Police say the boy, Rafiqullah, was caught wearing a suicide vest on a motorbike in the eastern Afghan city of Khost in June.
The boy's father said he had sent his son to a madrasah in Pakistan to learn the Koran and then lost touch with the youth.
RFE/RL's Radio Free Afghanistan correspondent Fahima Benawa reports that Karzai told attendees at a ceremoney in Kabul today that the "enemies of Afghanistan" had misled the boy.
"Neither this young boy nor his father is to be blamed," Karzai said. "He sent his son [to a madrasah] for education. The enemies of the religion wanted this young boy to destroy himself and to destroy other Muslims with him. I forgive him and wish him all the best."
Kabul officials say many suicide bombers and Taliban fighters are recruited from among impressionable youths in Pakistan's madrasahs.
Pakistani President Pervez Musharraf has announced efforts to reform the country's most radical madrasahs in recent years, although the move has stalled amid opposition from hard-line clerics.
Karzai said after the Red Mosque violence that the same militants killing "Afghan sons" and destroying Afghanistan are those who sparked the Red Mosque crisis in Pakistan.
Afghan officials, including Karzai, have in the past accused Pakistan of harboring Taliban and Al-Qaeda militants and of trying to destabilize Kabul, a charge that Islamabad denies.
When asked today if he had a message for Pakistan, Karzai said: "I have a message. It is a message of peace, forgiveness, a message pleading for better relationships, not cheating the children and encouraging them into terrorism and suicide."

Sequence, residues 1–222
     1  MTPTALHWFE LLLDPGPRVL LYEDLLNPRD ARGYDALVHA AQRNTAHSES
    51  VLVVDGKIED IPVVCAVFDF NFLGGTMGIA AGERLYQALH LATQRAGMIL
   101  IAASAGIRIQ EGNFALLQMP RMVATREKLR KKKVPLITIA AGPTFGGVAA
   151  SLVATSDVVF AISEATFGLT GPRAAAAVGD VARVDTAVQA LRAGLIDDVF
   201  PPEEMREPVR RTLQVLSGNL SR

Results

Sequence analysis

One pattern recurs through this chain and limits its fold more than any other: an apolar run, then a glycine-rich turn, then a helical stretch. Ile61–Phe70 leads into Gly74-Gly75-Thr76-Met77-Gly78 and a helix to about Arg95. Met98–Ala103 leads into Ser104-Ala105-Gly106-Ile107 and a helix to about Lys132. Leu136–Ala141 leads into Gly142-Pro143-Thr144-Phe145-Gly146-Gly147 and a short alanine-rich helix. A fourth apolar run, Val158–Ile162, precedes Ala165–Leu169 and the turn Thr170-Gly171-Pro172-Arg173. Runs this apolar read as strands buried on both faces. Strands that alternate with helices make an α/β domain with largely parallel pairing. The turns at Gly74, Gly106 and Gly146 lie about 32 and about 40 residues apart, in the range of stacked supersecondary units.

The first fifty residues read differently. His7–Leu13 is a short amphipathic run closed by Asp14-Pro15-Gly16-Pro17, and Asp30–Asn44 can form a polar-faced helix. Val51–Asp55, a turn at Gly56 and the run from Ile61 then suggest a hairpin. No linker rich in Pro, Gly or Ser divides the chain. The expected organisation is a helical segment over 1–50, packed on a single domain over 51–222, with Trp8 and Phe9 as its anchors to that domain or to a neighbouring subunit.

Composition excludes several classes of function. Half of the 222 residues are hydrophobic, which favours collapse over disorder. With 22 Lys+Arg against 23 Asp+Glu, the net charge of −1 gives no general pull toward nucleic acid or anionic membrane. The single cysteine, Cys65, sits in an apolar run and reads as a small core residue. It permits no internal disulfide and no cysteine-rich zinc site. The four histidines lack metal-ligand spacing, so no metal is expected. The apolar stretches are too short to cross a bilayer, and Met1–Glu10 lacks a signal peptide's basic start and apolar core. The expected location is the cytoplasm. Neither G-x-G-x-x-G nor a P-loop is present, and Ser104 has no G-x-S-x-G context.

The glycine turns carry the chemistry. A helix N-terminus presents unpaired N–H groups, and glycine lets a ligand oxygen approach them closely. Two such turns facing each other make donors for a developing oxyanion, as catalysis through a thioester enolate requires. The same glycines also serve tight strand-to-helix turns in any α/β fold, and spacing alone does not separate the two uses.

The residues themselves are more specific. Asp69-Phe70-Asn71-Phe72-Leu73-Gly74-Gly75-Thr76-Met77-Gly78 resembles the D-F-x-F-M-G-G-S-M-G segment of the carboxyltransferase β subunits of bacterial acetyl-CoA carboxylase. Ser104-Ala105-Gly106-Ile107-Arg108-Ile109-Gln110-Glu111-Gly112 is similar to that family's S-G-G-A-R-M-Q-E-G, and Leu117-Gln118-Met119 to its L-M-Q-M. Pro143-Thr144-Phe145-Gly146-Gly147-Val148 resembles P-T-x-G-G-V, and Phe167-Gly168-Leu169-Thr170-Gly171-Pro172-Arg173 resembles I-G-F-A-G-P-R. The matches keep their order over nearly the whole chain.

Afghanistan's Education Ministry has pledged to establish centrally approved madrasahs in each of the country's 34 provinces to counter the Taliban's purported plans to spend around $1 million to create its own schools.
Much of the hard-line Taliban leadership that ruled major swaths of Afghanistan until the U.S.-led military intervention there comprised students from fundamentalist madrasahs in Pakistan.
(RFE/RL's Radio Free Afghanistan, with Reuters)
Afghan President Hamid Karzai (left) with Pakistani President Pervez Musharraf in Islamabad in October 2005 (epa)
ACROSS A DIFFICULT BORDER. The contested border between Pakistan and Afghanistan is some 2,500 kilometers long and runs through some of the most rugged, inhospitable territory on Earth. Controlling that border and preventing Taliban militants from using Pakistan as a staging ground for attacks in Afghanistan is an essential part of the U.S.-led international coalition's strategy for stabilizing Afghanistan. Officials in Kabul have been pointing their fingers at Pakistan for some time, accusing Islamabad or intelligence services of turning a blind eye to cross-border terrorism targeting the Afghan central government. Many observers remain convinced that much of the former Taliban regime's leadership -- along with leaders of Al-Qaeda -- are operating in the lawless Afghan-Pakistani border region.... (more)